There's sobering news from the Washington Post today on the solvency of Social Security programs for the disabled. http://www.washingtonpost.com/politics/social-security-disability-trust-fund-projected-to-run-out-of-cash-by-2016/2012/05/30/gJQA3AfH1U_story.html
According to the article, these programs will be insolvent by 2016 and there is little appetite in Washington to fix it.
Both federal and Minnesota programs allow for people to create a special needs trusts or supplemental needs trusts to retain assets to pay for things that these programs don't provide. The concerning thought is what happens if these programs can't provide for those who need it in the future.
Wednesday, May 30, 2012
Wednesday, May 23, 2012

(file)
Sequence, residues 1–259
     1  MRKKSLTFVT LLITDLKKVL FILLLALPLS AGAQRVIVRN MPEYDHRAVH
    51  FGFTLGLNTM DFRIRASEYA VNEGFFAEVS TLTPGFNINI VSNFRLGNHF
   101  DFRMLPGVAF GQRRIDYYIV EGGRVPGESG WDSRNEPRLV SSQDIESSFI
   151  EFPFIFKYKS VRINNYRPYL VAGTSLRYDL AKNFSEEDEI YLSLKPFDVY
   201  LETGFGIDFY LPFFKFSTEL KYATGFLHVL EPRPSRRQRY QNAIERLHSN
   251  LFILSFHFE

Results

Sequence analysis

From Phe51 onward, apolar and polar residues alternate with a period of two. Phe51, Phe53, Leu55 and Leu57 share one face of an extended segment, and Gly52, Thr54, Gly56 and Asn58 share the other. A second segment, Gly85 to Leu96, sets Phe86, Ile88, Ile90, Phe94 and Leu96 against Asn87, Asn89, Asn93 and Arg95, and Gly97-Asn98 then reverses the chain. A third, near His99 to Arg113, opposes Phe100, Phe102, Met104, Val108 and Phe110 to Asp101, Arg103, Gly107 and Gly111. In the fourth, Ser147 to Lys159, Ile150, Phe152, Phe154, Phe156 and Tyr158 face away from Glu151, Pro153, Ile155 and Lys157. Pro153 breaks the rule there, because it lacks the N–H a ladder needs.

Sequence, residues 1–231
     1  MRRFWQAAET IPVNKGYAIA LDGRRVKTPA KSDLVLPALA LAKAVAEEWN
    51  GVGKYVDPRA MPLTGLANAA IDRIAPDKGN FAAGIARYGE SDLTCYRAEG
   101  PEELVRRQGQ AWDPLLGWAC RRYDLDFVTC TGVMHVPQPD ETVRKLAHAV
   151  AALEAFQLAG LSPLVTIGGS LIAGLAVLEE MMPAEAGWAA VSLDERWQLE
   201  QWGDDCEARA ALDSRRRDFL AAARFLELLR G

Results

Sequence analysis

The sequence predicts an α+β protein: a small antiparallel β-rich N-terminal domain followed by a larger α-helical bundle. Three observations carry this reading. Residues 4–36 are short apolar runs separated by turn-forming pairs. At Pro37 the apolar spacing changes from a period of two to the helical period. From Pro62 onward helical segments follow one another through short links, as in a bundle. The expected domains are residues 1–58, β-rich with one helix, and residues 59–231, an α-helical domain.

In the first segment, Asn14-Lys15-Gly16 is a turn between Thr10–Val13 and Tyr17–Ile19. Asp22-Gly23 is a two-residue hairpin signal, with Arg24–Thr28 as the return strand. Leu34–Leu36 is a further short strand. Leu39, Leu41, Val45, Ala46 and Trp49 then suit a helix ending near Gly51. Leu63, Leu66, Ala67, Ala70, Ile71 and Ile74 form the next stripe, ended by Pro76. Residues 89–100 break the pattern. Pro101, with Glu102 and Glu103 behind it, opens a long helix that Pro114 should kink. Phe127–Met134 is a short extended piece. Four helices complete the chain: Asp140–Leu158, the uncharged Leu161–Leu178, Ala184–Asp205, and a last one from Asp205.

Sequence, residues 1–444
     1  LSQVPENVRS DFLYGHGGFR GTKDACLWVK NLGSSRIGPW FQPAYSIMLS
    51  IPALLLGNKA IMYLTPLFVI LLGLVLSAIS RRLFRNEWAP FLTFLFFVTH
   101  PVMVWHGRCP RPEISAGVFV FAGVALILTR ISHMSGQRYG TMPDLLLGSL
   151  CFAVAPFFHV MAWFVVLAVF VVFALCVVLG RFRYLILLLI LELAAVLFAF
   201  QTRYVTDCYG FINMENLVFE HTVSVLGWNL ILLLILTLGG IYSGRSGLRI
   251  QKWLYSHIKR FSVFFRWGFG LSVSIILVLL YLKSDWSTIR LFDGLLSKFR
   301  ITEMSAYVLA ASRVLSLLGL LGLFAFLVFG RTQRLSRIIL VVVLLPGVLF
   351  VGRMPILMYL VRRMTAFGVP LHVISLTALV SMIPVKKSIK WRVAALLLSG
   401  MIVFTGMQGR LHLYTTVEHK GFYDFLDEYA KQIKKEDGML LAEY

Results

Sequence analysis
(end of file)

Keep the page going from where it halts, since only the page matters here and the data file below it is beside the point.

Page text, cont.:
Once you do a will, circumstances can change. The person you wanted to be your executor twenty years ago (we now call it personal representative) may not be the person you want to do it today. You may want to change who gets your estate or you may have sold land you described in your will. There are many reasons you might need to change your will. However, you can’t just scratch out the old stuff and write in the new. Under Minnesota Statute, wills must be signed and witnessed by two people. It’s also preferable that the two witnesses not have an interest in the provisions of your will. In order to ensure clarity in making changes and to ensure that will requirements are followed, any changes you make should be done through a document that the probate court and estate planners call a codicil. A codicil is a document that formally amends a will and follows the formalities, such as signing and having two witnesses, of a will. If you do a codicil, you should store it in the same place as your original will, so both will be located and filed with the court. If it’s been a while since you did your will, you should speak with a licensed attorney who can help you make sure you amend it properly, so that your estate plan meets your needs now.